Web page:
Ponsonby was one of a class, somewhat numerous in the Colonies, who, having begun to sow their youthful wild oats with a rather heavy hand in the Old Country, are dispatched here to finish the in-putting of the crop, and—to reap the harvest.

"I think your governor shows his wisdom in holding back the cash a bit, Ponsie," said Spalding. "That colonial experience which is thought so much of at home, and which you were sent out here to acquire, can hardly be said to have been perfected yet."

"I rather fancy," drawled Ponsonby, "I could make more rapid strides towards finishing my education if I had more money to spend."

"Or had none at all except what you earned," replied the other. "But," he added, looking at his watch, "it's time for me to be at the Bank again. By the way, Wilmot, who is that seedy-looking individual who has been hanging round the door of your office over there, and is knocking at it now? It looks more like a subscription list than a land sale for you, I fancy."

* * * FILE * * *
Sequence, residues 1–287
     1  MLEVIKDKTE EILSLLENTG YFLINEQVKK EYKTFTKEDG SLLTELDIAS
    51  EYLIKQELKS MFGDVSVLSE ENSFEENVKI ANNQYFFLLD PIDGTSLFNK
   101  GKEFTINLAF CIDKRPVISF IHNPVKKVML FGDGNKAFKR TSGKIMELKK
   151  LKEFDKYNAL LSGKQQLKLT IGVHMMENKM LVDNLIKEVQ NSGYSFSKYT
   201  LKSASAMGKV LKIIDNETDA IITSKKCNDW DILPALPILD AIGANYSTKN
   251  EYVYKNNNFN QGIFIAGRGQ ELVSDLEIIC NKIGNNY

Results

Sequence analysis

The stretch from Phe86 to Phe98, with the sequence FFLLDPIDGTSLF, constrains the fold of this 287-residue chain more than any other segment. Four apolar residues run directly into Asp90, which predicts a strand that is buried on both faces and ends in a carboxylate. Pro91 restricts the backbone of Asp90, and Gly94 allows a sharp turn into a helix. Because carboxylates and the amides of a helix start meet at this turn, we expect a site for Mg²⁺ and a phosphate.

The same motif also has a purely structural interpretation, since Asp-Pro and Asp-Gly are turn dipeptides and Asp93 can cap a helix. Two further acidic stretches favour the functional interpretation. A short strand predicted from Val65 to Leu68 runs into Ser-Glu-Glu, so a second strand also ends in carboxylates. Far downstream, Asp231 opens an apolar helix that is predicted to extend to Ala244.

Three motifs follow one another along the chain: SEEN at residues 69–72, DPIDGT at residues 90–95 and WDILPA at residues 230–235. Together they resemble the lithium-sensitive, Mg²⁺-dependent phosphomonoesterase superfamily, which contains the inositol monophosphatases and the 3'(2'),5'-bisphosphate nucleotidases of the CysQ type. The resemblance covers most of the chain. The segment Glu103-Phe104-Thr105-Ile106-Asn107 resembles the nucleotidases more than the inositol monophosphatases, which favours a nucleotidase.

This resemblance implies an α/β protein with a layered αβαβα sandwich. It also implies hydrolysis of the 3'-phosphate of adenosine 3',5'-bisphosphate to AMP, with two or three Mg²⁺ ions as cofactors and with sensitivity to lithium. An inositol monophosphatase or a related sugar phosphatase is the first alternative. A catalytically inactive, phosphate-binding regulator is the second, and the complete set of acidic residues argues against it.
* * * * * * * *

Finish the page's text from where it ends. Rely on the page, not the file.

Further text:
"I have had my eye on him," Wilmot replied. "But I must go now and see what he wants."

His visitor was our acquaintance, Mr. Westall, who, having page 29left his swag and his companion of the road at the Cosmopolitan, had sauntered into the township in quest of the friend whom he claimed to have in Bloomsbury.

As Wilmot approached him, the two men looked at each other steadily—Wilmot with that bold stare that was characteristic of him, and Westell with a keen, inquisitive look that after a few seconds seemed to satisfy him, for it changed into one of smiling recognition as he said: